Testing, Testing: The Economics of Social Conversions, Part 2
Testing, Testing: The Economics of Social Conversions, Part 2
Testing, Testing: The Economics of Social Conversions, Part 2
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With so many variables at play, how can we dissect our data to give us new insights as to what is actually driving conversions and, ultimately, ROI? How can we measure all the way through the customer journey in order to truly understand what’s working, rather than making biased assumptions based solely on first or last click attributions. After studying Economics & Applied Mathematics, I understand the value of truly grasping the effects of campaigns in order to provide insights that can be built on for optimal growth. In this series, we will approach social analytics from an economic standpoint to understand where we can more efficiently allocate our resources and increase conversions. Save your time and effort for tactics that have proven effectiveness in driving ROI.

The Model

In Part 1, we focused on creating a multiple regression model in order to better understand what factors are the best predictors of social ROI. We used five key variables involved in the customer journey, including 1) awareness 2) engagement 3) consideration 4) conversion and 5) customer retention. We analyzed how these variables play a significant role in driving ROI, and further, how this data can be useful in your testing. A solid understanding of this model is an essential component of diving deeper into your analytics and providing a more efficient allocation of your resources. In doing so, you can more accurately evaluate the impact that social is making on ROI and compare it across different spectrums. By allocating more resources to what is working and less to what is not working, you can achieve better and faster results.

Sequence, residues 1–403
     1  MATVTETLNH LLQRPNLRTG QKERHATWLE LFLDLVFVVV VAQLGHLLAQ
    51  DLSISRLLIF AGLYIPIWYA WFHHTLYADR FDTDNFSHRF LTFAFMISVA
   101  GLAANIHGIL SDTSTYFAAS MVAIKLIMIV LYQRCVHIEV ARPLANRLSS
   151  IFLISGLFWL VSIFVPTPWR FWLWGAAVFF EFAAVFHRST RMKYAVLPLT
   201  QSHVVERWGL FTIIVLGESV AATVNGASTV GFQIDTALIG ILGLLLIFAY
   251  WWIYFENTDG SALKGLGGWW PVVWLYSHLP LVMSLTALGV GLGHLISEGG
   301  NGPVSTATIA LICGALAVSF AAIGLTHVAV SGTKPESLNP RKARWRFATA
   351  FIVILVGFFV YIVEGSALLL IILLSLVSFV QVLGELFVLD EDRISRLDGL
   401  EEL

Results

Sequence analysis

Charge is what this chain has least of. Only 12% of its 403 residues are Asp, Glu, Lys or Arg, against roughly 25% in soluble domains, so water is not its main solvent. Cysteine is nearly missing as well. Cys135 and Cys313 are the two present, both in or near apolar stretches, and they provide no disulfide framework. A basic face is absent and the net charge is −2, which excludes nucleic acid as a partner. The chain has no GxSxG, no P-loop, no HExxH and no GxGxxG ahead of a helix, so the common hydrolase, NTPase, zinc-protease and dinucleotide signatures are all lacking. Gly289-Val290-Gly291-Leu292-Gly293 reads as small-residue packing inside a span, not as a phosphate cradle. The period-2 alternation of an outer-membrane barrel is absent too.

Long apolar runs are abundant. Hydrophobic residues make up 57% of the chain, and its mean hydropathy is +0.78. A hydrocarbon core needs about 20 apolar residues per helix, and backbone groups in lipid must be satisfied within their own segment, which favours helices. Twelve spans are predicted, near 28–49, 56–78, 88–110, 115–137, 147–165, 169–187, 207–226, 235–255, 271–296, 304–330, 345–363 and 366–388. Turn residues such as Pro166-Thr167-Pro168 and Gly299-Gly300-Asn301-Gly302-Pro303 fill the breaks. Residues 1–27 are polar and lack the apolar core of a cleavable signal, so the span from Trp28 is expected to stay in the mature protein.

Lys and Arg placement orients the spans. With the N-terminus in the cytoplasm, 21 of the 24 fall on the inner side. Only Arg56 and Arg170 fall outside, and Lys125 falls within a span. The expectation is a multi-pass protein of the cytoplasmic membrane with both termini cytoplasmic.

We will now take a closer look at how you can transfer your understanding of the model in order to gain the best possible insights available. That being said, if you would like a comprehensive understanding of this approach, please read the first part of this blog series.

Bias

The goal in marketing is to achieve the greatest possible results with the least amount of effort, achieving maximum efficiency. Therefore, we want to reduce bias as much as possible without sacrificing efficiency. Omitted variable bias presents itself in some form in almost all models. In order to reduce potential bias, we must isolate certain variables or run tests on uniform samples. However, it is nearly impossible to perform a perfectly unbiased test without incredible effort and wasted resources.

Let’s say you want to achieve maximum precision with minimum effort in order to establish a deeper understanding of your campaign data; you’re looking to find the most probable and insightful explanations. Control group testing is the best method to achieving that goal.

In control group testing, we can control for unobservable differences between the samples that could influence ROI by approaching it with a difference-in-difference strategy (fixed effects). By comparing the change in certain behavioral variables of social media users to non-social media users, we can control for unobservable differences, and thus, reduce potential bias.

Control Group Testing